The commandline executable is located under src/bin/wsgen. It provides a lot of different options to configure the different components wsg is supposed to use during processing. To allow for flexibility when it comes to input and output definition formats, as well as the layout (positioning) of images inside the sprites itself, the application consists of many different loosely coupled components. These components may easily replaced by your own implementation if some sort of special functionality is needed. Before the different components and their function is described a detailed look at the commandline interface is given.

After calling the wsgen executable a quite sophisticated help text is displayed:

(c) 2010 Jakob Westhoff

  ./src/bin/wsgen [OPTION, ...] <output-sprite>

  -h/--help                    Show this help text

  -o/--output=<value>          File to output the definition to. (By default it
                               will be outputted to STDOUT)

  -i/--input=<value>           File to read the input definition from. (By
                               default STDIN will be used)

  -r/--reader=<value>          Definition reader to use for input processing.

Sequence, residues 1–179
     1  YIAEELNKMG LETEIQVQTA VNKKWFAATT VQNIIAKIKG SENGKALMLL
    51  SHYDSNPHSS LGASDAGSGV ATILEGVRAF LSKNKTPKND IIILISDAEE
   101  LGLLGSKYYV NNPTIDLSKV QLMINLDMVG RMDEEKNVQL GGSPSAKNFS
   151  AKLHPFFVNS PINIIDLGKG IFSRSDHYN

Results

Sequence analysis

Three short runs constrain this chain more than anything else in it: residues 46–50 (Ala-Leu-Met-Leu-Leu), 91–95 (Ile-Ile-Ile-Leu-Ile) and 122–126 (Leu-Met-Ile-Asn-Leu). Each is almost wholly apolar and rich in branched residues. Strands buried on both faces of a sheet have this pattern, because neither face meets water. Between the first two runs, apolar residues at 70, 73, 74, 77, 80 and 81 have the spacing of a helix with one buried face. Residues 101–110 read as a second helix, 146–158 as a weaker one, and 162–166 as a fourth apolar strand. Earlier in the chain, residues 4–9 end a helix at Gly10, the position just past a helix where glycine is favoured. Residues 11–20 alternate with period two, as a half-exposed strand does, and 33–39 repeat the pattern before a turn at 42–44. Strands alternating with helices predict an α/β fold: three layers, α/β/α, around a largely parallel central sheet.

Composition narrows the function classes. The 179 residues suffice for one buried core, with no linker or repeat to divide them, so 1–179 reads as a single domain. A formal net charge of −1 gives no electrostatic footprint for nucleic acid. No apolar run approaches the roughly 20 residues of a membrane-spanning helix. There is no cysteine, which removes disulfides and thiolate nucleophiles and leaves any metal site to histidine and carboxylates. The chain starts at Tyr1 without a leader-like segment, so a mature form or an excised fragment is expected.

(Default: css-like)

  -e/--render-engine=<value>   Renderer engine to use for sprite generation.
                               (Default: gd)

  -w/--writer=<value>          Definition writer used to create an output
                               definition. (Default: css-background)

  -l/--layout-manager=<value>  Layout manager used to calculate the placement
                               of the images inside the sprite. (Default:

  css-like:   Reader of a css-like definition format. See the README.txt for
              more information about this format.

  php-array:  Reader of a php based array structure. See the README.txt for
              more information about this format.

  css-background:  Write out a css file containing moved background statements
                   for each sprite image.

  color-group:  Group images horizontally by their overall color, to allow for
                better png compression.

  vertical:     Align all images in a vertical row

  gd:  Renderer using the GD lib, which is available in most default php

The help text does not only show the placement of the arguments to be given, it lists all available option switches, which may be used to select other components to fulfill certain tasks of the processing cycle. Furthermore for each of the different components a list of available implementations is provided with short descriptions for each of them.